Last week I discussed the tools that the Federal Reserve will be using to raise short-term interest rates as we enter the next phase of U.S. monetary policy. In brief, the Fed plans to use interest on reserves and reverse repurchase agreements as an offer to borrow back Federal Reserve deposits at an annual rate between 25 and 50 basis points (0.25% to 0.50% interest per year). That offer from the Fed puts an effective floor under the fed funds rate, which is the rate at which institutions would lend these funds overnight to other banks. When the Fed raises its offering rate, the fed funds rate should go up with it. Today I look at the implications of these new procedures for the Fed’s balance sheet.
Large banks and certain other financial institutions have accounts with the Federal Reserve known as Federal Reserve deposits. The Fed has the ability to acquire new assets (securities it buys or loans that it makes) simply by crediting the counterparty’s account with the Fed with a new balance. When it does so, the Fed’s assets go up by the value of the securities or loan, and its liabilities go up by the same amount in the form of new Fed deposits.
The graph below records the Federal Reserve’s assets each week since the end of 2002. Up until 2007 these consisted almost entirely of Treasury securities (shown in blue). In response to the financial crisis, the Fed made a series of emergency loans (shown in brown) through facilities such as Term Auction Credit and the Commercial Paper Lending Facility (now no longer used) as well as large loans to foreign central banks in the form of currency swap agreements (in green). These roughly doubled the Fed’s total asset holdings by the end of 2008. As emergency loans were repaid, the Fed opted to maintain and then increase its assets through purchases of new Treasury securities and mortgage-backed securities in three separate phases of what are popularly referred to as “quantitative easing” or QE1, QE2, and QE3. Since the end of 2014 the Fed has kept its assets constant, only buying securities to replace those that mature. The current value of Fed assets is $4.5 trillion, five times as large as it had been near the end of 2007.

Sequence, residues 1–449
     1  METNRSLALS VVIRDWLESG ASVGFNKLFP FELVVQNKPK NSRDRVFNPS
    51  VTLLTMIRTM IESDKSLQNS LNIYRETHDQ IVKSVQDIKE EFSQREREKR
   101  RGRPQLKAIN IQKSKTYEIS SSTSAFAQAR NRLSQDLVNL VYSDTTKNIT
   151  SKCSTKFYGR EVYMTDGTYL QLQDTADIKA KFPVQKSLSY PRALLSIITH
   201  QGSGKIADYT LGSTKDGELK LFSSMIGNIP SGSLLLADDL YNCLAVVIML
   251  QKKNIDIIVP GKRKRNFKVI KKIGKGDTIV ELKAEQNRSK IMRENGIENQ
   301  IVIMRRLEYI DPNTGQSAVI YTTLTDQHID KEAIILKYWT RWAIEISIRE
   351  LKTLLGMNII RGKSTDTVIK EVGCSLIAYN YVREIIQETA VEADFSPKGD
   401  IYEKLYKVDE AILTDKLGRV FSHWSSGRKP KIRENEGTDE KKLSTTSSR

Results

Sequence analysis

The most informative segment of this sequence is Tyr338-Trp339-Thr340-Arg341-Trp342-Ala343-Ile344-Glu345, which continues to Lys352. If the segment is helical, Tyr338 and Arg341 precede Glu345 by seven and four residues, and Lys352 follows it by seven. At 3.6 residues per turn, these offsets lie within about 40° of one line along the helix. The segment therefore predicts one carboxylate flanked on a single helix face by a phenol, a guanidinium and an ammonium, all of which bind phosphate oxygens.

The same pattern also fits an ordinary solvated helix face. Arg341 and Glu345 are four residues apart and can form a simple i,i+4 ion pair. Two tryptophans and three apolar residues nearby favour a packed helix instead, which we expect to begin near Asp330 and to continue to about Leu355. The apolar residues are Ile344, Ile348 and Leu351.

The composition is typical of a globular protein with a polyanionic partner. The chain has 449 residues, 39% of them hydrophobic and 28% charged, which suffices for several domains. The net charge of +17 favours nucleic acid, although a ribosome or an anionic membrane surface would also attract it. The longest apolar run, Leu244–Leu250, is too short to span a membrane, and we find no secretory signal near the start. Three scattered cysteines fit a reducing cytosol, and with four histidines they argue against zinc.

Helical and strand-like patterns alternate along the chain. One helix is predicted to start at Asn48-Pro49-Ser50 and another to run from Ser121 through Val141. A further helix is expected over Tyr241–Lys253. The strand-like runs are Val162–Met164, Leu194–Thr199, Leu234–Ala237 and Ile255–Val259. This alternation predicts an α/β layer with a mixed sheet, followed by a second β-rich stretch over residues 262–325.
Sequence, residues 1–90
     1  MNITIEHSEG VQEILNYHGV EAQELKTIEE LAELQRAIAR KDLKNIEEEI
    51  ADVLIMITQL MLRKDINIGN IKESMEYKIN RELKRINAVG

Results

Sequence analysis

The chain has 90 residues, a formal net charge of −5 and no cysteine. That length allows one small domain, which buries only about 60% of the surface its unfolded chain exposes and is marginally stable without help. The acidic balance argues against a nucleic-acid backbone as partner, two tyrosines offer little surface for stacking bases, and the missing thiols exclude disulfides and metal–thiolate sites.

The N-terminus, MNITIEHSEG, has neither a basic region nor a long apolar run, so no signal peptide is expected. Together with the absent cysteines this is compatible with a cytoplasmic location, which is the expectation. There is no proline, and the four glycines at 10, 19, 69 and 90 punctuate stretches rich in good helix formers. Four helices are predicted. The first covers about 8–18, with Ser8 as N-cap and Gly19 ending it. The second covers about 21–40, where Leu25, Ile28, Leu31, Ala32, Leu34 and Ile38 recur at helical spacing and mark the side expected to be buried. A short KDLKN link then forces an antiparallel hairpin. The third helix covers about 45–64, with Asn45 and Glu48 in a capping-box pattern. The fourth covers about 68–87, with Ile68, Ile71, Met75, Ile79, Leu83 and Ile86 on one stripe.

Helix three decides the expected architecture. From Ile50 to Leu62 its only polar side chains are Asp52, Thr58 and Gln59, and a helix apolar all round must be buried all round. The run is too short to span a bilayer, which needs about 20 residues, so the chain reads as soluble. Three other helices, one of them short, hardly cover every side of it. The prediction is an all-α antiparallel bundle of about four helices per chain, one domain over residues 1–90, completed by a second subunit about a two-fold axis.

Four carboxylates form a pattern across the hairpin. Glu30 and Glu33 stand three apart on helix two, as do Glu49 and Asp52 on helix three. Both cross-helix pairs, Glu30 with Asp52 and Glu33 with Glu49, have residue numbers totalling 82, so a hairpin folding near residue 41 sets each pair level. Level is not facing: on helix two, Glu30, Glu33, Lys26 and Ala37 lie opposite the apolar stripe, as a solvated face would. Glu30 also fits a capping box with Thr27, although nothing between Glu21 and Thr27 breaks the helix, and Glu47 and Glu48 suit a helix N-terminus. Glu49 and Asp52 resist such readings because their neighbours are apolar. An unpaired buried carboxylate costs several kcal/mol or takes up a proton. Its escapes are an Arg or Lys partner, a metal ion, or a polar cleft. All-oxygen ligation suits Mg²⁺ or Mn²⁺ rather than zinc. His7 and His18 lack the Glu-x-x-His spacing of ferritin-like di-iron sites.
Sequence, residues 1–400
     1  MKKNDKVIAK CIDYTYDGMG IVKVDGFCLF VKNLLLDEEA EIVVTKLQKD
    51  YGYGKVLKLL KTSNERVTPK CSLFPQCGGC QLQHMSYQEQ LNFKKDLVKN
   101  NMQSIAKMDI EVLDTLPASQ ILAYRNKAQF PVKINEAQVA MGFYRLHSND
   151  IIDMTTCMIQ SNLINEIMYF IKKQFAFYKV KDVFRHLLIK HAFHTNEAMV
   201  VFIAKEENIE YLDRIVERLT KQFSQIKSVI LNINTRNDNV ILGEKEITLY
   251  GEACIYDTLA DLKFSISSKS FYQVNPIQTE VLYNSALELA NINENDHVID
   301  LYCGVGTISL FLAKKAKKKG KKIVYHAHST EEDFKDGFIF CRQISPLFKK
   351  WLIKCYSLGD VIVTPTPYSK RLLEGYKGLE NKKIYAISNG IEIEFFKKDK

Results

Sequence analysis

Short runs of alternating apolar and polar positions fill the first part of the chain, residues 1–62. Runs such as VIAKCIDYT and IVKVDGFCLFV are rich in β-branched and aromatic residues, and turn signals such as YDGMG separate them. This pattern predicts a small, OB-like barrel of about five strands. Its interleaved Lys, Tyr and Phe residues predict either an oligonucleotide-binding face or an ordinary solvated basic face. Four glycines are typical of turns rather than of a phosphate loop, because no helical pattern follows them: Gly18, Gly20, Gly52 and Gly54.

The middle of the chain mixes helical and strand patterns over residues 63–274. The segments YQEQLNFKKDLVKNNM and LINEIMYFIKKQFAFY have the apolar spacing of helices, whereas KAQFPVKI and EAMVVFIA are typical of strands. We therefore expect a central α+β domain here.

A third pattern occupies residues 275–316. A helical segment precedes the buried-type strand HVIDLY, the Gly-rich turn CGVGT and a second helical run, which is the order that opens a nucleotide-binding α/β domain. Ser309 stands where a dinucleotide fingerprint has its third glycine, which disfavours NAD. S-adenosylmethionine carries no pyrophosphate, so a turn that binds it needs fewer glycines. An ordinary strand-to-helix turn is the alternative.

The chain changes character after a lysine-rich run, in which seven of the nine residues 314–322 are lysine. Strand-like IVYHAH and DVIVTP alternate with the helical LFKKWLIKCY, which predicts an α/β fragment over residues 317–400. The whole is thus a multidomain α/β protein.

The graph below displays the Fed liabilities associated with these assets. For every week, the height of the graph below is exactly equal (by definition) to the height of the graph above. Up until 2007, most of the deposits that the Fed created ended up being withdrawn as currency held by the public (shown in blue), and indeed, providing for the gradual increase in currency demand each year was the primary reason that the Fed was slowly adding to its holdings of Treasury securities each year prior to 2007.
Once the Fed has created new deposits, nothing an individual bank could do apart from withdrawing the deposits as cash would make the deposits disappear. If a bank makes a loan to a customer of another bank, the result of the loan is the deposits just get transferred from the first bank to the second with the total end-of-day Fed deposits of all banks unchanged. But the volume of Fed operations beginning in 2008 far exceeded that needed to meet demand for currency. Initially the Treasury held some of the extra deposits that the Fed was creating in the Treasury’s own account with the Fed, as seen in gray in the figure above. But with interest rates so low and the Fed offering to pay 25 basis points on reserves, banks were quite willing to hold the reserves at the end of each day rather than try to invest or lend out these funds themselves. Banks would make loans or investments during each day, of course, transferring the deposits between banks. But at the end of the day some bank was perfectly willing to hold the deposits overnight rather than try to make one more investment. The result is that most of the new Fed liabilities that have been created since 2008 have simply remained as deposits held on account with the Fed.